The futile cycle of hospital readmission in patients with diabetes.


In 2012, the Centers for Medicare and Medicaid Services (CMS) began reducing Medicare payments to hospitals with higher than expected readmissions within 30 days of discharge. This led to focused efforts at many institutions for identifying patients at high risk for readmission and introducing programs to ameliorate this risk. Current estimates indicate that 25% of patients hospitalized in the US have diabetes as a primary or secondary diagnosis. Approximately 10–20% of patients with diabetes are readmitted within 30 days of hospital discharge, with higher rates of readmission observed in those with more comorbidities. Based on readmission data from the AHRQ Healthcare Cost and Utilization Project, diabetes accounts for 10% of readmission costs among patients with public and private insurance, highlighting the importance of identifying factors that can potentially be addressed to reduce these numbers. It is in this context that Rubin and colleagues developed a tool for predicting risk for readmission in patients with diabetes, the Diabetes Early Readmission Risk Indicator (DERRITM). The DERRI model was developedby examining46variables aspredictors of readmission risk in retrospective training and validation cohorts of 44,203 patient discharges from one urban academic medical center. Using multivariable logistic regression, ten variables were identified as statistically significant but modest predictors of readmission (Table 1). In the current report, Rubin et al. examine a subset (n = 8189) of the original parent DERRI population with CVD (DERRI-CVD), a group identified as being at high risk for readmission. Ten variables are again identified as being predictive of readmission, five of which overlap with the parent DERRI population (Table 1). What is most striking from both DERRI and DERRI-CVD is the observation that patients who were discharged from the hospital within 90 days of the index hospitalization were most likely to be readmitted within the next 30 days (odds ratio of approximately 2.0), indicating a cycle of hospital discharge and readmission. Using DERRI-CVD patients, the authors observed a progressive increase in readmissions according to quintiles of risk, reaching 38.6% of patients in the highest quintile. Other variables identified as predictive for readmission included education level, employment status, hospital proximity, and psychiatric disease all of which may serve as surrogate markers of socioeconomic status (SES), which has been identified in prior studies investigating readmission risk. These SES factors present complex challenges to a health care system that is currently in a state of flux in the US. Despite the large number of variables included in DERRI and DERRI-CVD, other variables that may have contributed to diabetes-related readmissions were not examined. These include type anddurationof diabetes,measuresof glycemic control prior to andduring the index hospitalization, type of diabetes medications prescribed at admission and discharge, the ability of patients to fill prescribed medications at discharge, and whether any form of diabetes education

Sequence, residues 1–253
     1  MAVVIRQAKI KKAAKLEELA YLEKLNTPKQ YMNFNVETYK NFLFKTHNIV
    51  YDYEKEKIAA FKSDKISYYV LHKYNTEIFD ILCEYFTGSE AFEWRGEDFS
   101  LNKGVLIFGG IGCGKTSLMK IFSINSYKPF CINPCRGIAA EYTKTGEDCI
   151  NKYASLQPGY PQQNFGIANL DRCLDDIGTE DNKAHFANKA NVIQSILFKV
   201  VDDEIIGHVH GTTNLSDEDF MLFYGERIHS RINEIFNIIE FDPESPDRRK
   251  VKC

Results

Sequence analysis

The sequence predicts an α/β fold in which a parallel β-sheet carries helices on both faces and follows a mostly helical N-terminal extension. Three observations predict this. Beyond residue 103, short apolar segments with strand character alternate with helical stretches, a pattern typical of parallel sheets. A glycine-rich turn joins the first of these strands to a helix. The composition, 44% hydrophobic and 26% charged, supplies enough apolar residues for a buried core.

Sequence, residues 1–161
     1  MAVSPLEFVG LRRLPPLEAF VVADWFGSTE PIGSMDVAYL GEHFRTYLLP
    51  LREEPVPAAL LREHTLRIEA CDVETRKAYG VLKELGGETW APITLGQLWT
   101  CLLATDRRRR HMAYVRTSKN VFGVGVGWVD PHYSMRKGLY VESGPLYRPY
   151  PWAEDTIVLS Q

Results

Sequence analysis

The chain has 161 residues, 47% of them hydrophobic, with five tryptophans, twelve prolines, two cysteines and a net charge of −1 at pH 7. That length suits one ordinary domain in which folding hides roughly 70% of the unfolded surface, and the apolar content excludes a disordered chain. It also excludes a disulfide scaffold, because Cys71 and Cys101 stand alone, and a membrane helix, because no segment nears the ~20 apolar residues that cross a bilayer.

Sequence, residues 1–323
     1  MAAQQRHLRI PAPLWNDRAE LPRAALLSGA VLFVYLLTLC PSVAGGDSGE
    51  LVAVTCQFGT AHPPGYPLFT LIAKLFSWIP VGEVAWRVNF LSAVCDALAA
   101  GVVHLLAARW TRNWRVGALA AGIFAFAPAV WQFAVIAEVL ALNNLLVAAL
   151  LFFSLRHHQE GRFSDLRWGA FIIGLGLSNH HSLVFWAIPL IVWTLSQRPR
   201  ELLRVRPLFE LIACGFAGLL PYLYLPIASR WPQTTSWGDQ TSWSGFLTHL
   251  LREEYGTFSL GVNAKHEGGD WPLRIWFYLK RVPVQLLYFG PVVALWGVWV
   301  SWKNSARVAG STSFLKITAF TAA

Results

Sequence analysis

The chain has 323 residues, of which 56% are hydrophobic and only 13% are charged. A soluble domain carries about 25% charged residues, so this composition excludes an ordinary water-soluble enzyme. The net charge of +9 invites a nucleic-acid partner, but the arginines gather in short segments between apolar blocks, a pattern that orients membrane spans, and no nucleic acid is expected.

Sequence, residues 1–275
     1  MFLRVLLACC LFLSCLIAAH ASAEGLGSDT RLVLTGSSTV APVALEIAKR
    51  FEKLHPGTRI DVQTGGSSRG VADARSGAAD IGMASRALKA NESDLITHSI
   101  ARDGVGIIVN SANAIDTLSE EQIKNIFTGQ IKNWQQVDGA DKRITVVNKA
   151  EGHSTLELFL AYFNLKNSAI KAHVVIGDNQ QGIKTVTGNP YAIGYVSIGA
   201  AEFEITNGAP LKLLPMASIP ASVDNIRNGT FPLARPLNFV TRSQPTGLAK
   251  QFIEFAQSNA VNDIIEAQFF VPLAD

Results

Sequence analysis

DOI: 10.1016/j.jdiacomp.2017.06.006

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@article{Swami2017TheFC, title={The futile cycle of hospital readmission in patients with diabetes.}, author={Janya Swami and Mary T Korytkowski}, journal={Journal of diabetes and its complications}, year={2017}, volume={31 8}, pages={1252-1253} }